Kerryn and Phill both work part-time off-block, but when a friend told them about the soap-making business she was selling, they could see a great opportunity and felt it was a good home business that they could expand while they built their house.
Kerryn has always enjoyed craft making, and she was wondering what she could turn into a business when the opportunity arose. While her knowledge of soap-making was limited, she had already studied essential oils through a correspondence course which proved useful for what has turned out to be Clean Earth Soap.
Golden Bay is not an easy place to make a living. Its isolation and small population means that people have to be innovative and creative at earning those precious dollars. The internet has helped enormously where business owners previously struggled to reach distant markets.
Kerryn liked the idea of selling an environmentally friendly product with well-sourced ingredients. Her soap is 50% olive oil which she finds hard to source in New Zealand, but she feels this will improve as more olives are grown. Soap-making doesn’t require table grade olive oil as a second pressing of lower grade oil works well.
The other ingredients are certified organic coconut oil from the Philippines and certified organic palm oil from Columbia. Kerryn stresses that this type of palm oil is from a sustainable, well-managed source, completely different from the palm oil that receives bad press when indigenous forests are felled for plantations. Buying from an organic source encourages sustainable management and helps promote organic growing.
To make the soap, Kerryn gently heats and melts the coconut and palm oil to a liquid and adds them to the already liquid olive oil. A lye solution is then used to saponify the oils.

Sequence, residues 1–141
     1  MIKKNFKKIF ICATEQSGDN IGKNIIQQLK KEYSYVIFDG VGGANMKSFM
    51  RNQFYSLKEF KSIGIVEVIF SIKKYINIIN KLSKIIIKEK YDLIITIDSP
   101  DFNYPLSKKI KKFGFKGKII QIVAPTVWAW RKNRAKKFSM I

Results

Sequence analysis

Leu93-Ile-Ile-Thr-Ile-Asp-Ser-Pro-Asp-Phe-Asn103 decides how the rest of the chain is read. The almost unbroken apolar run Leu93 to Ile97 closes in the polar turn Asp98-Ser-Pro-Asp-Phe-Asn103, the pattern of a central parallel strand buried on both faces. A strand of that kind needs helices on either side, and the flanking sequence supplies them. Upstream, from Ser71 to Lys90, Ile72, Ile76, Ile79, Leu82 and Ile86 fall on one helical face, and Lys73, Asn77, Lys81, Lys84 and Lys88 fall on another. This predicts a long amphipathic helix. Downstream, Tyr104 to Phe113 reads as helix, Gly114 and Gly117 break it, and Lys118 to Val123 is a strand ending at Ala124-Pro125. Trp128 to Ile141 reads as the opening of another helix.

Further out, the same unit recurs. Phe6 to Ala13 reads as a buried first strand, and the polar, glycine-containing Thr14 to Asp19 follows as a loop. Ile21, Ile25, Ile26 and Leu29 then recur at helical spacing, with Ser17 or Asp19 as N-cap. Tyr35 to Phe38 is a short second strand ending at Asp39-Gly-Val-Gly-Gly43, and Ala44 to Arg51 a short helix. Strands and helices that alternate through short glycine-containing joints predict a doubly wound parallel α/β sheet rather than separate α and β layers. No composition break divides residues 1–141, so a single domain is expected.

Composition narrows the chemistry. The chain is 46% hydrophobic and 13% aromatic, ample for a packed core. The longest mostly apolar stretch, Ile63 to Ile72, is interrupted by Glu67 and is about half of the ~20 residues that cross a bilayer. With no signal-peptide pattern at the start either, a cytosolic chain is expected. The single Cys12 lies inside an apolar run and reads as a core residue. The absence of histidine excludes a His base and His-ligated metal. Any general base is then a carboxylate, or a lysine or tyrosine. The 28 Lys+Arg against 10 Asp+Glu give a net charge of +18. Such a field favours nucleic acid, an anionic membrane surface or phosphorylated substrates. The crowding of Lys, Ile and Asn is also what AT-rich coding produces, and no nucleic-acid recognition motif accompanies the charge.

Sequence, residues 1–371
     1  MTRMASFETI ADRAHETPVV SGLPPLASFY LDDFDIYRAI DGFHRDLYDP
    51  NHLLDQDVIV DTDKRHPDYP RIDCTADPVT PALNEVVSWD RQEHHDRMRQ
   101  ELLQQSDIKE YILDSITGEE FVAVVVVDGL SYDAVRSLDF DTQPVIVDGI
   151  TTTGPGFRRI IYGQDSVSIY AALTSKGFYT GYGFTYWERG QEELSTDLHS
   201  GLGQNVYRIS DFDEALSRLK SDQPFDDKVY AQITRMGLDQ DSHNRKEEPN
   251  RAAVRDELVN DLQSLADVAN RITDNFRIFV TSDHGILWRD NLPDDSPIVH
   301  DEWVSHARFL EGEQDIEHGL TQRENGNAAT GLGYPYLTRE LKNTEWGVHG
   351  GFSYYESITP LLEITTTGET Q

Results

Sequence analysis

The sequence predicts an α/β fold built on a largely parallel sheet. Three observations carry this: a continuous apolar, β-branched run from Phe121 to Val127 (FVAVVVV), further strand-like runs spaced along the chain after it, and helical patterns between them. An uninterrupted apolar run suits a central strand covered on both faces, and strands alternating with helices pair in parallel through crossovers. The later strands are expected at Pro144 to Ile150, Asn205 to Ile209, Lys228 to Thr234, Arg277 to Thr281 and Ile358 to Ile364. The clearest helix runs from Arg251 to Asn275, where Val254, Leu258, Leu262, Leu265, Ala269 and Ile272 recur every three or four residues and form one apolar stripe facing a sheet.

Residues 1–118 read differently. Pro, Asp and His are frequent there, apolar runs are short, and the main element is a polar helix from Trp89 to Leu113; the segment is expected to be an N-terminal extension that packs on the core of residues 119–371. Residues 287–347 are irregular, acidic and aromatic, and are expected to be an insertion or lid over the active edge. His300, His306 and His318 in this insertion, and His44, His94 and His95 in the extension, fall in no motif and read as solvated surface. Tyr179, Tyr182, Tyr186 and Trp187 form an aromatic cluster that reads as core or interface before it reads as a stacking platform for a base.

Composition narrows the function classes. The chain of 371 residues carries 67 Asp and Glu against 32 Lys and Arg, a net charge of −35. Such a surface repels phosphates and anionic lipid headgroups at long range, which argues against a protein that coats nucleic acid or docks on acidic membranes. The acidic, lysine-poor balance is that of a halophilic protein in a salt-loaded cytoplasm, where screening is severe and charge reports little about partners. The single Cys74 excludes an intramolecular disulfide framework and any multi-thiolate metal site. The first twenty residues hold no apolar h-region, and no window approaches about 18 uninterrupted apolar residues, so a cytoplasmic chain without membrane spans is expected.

Lye is caustic and tricky to make which is why Kerryn prefers to buy it. The last ingredients to add to the mix are the essential oils which give the soaps their appealing aromas.
The mix is poured into moulds and left for 24 hours before being taken out and cut. Kerryn’s soap cutter comes from Canada where hand-made soap is popular, and every batch she makes is cut into 220 perfectly-even pieces. The soap is then cured – a process which takes six weeks – then the soap is ready to be packaged and sold.
When they bought the business, it was producing four different scented soaps but Kerryn and Phill have now increased it to 10, and they believe there is potential to expand the range further. They have also been pleased with the response to a new dog soap and shampoo, and gift options of scented soaps wrapped in coloured felt.
Kerryn sells the soap on their website, and to shops in the North and South Islands. She has a market stall in Takaka and also travels to other craft markets in the summer months. She says she enjoys the interaction with her regular customers, and there is great local support and a number of repeat internet customers. Unlike selling food products, soap keeps, so there is no wastage, but fortunately there has been good demand for it.
The best part is the satisfaction of selling a product from a cottage industry that is appreciated by customers, and doesn’t harm the environment, says Kerryn.
“We live in such an amazing country. It’s about looking after it.”